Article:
So in a way, wanting a king was putting a man between God and the people. Instead of God governing the people through the laws given by Moses, now the king was governing the people. There was a real threat to the integrity of Israelite society when they chose to anoint a king. For potentially, the king could do whatever he wanted to do. He was king. The people wanted the king to rule over them, not Yahweh.
With the king came a new office in Israel. That new office was the prophet. The prophet was there to make sure that the king followed the laws of Yahweh. You could say that the prophets kept the king in check. Previously, prophets served the people at large. They would decide matters of justice, like judges. They would perform sacrifices. But they would be open to all the people. Now they had one specific target–the king. It was their role to make sure that the king was following the laws of God.
As I have been saying, choosing a king was a dramatic change in Israel’s society. It also changed their religion. I have spoken a few times about anointing a king. Although the king ruled over the people, the king needed to be consecrated by the prophet. It was the prophet Samuel who chose Israel’s first king, Saul. And Samuel made Saul king by anointing his head with oil. Every king in Israel’s history was anointed with oil in order to be consecrated into the role of king. So kings were called “anointed ones.” The Hebrew word for “Anointed,” is “Messiah.” When we hear the word, “Messiah,” it means, “Anointed One.” The anointed one is the king. So the Messiah is the king. Had there been no king in Israel’s history, there would be no Messiah. A whole new religious system evolved around the idea of the Messiah. And when we Christians hear the word Messiah, we think of Jesus. I think we can say that we wouldn’t have had the role Jesus filled if there had been no king in Israel. There would be no Messiah mythology for Jesus to fulfill.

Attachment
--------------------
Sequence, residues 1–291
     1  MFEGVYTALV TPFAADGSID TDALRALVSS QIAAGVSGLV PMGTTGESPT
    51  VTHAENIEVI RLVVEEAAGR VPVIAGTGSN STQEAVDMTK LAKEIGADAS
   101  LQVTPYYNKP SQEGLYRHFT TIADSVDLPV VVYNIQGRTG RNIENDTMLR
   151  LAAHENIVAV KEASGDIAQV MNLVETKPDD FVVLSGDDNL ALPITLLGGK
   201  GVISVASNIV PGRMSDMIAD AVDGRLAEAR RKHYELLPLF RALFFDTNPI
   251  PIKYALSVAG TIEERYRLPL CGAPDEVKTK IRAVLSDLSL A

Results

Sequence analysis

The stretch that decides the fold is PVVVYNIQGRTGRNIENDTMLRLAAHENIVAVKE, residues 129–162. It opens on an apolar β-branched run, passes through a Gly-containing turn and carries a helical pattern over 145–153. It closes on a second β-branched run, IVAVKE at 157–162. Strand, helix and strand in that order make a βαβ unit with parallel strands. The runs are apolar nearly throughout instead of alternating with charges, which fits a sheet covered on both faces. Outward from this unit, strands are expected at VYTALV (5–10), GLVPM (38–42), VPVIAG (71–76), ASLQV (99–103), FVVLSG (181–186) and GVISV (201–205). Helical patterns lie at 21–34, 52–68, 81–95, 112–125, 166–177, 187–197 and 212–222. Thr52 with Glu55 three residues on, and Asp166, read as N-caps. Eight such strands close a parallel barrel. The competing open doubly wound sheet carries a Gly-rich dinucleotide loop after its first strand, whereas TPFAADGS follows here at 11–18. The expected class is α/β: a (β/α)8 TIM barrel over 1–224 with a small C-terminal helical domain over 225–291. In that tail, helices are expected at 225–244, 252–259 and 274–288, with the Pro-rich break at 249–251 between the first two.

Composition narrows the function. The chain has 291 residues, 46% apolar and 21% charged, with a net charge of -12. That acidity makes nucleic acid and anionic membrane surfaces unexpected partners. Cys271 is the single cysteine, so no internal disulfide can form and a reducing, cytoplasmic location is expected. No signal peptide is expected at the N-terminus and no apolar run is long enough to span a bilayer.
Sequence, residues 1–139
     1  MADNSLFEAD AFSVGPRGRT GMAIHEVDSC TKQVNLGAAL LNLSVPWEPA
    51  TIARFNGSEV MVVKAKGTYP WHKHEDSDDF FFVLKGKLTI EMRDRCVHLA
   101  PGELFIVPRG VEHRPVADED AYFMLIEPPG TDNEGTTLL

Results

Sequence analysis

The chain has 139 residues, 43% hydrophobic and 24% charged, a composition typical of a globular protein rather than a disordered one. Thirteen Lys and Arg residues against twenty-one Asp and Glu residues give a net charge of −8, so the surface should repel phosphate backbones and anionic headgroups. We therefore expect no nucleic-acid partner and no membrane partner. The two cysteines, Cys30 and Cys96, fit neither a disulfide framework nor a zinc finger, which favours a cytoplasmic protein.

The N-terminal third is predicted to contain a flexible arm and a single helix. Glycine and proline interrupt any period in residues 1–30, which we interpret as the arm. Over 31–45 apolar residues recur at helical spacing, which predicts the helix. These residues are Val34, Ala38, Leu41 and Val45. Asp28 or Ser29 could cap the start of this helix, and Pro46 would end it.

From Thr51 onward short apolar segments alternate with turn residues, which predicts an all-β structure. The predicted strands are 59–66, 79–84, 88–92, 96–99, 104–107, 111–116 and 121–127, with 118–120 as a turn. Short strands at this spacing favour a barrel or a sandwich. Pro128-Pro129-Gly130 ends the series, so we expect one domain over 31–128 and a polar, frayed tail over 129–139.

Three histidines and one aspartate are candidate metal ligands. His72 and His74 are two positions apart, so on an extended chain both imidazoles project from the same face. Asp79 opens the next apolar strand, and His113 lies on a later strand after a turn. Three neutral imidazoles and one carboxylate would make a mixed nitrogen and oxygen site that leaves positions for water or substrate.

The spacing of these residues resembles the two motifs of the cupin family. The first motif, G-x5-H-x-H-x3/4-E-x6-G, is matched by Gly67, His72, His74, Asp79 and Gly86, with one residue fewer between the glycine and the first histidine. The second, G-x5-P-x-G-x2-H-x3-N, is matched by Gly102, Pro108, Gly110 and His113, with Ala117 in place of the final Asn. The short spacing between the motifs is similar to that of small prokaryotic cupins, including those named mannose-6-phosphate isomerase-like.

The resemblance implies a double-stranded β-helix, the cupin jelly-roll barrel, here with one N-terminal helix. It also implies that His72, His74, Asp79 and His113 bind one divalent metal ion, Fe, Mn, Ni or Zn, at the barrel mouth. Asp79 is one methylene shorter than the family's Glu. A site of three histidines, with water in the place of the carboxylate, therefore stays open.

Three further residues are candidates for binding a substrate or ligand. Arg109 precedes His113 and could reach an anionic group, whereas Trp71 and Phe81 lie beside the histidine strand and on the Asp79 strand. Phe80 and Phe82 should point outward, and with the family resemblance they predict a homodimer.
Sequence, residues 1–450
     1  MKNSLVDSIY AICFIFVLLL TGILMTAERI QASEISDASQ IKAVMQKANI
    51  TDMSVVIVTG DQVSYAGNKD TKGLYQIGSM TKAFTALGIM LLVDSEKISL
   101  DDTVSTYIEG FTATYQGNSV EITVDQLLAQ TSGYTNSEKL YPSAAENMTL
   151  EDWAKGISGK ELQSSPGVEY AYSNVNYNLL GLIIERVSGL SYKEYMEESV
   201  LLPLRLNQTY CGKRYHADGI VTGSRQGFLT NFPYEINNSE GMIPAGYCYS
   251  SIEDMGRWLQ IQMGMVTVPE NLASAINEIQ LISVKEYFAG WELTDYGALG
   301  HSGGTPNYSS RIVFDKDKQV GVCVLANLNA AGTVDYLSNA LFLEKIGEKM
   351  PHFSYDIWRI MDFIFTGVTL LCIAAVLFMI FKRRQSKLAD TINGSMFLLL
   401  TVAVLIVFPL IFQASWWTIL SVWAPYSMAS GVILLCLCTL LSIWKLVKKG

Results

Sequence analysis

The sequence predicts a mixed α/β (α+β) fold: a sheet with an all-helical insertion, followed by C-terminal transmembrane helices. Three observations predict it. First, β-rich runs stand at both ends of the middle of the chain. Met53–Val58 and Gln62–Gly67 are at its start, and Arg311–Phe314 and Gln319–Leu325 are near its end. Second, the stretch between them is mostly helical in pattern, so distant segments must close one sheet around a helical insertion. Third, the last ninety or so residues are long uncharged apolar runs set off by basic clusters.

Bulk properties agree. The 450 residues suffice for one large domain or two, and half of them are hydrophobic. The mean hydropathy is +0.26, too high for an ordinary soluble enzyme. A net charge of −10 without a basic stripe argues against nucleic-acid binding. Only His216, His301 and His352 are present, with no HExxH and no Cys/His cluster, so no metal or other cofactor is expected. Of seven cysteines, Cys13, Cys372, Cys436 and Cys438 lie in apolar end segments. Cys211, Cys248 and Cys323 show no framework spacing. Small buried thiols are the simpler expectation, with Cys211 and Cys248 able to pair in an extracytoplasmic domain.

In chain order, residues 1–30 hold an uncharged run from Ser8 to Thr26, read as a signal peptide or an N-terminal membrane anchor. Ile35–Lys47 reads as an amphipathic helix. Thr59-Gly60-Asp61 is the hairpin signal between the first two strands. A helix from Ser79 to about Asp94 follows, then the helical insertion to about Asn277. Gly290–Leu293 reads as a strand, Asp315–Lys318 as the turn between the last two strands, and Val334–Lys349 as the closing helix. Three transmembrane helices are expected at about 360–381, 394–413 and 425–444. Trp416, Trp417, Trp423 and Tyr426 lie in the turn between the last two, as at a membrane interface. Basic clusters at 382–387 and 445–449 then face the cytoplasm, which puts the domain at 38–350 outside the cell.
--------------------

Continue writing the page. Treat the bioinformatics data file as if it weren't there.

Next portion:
In Israelite theology, The Messiah is most closely associated with King David. This is because of a promise that God makes with King David. It is called the Davidic Covenant. God promises that King David’s heirs will always be on the throne in Jerusalem. We find this promise in 2 Samuel 8:16. In this verse, God says to David, “Your house and your kingdom shall be made sure forever before me; your throne shall be established forever.” So God promised that King David’s kingdom and his heirs would continue forever. David’s “house” meant his heirs, and his throne meant his kingdom.
But this is not what happened. In 587 BCE the Babylonian kingdom conquered Judah, and destroyed the royal city of Jerusalem. Since that time, there were no more kings on the throne in Jerusalem. So the promise to King David got placed in the future. Israelites looked forward to the time when a descendant of King David would come and rule on the throne in Jerusalem. This was the hope for the coming Messiah. And without that hope, we would have no Messiah in the form of Jesus.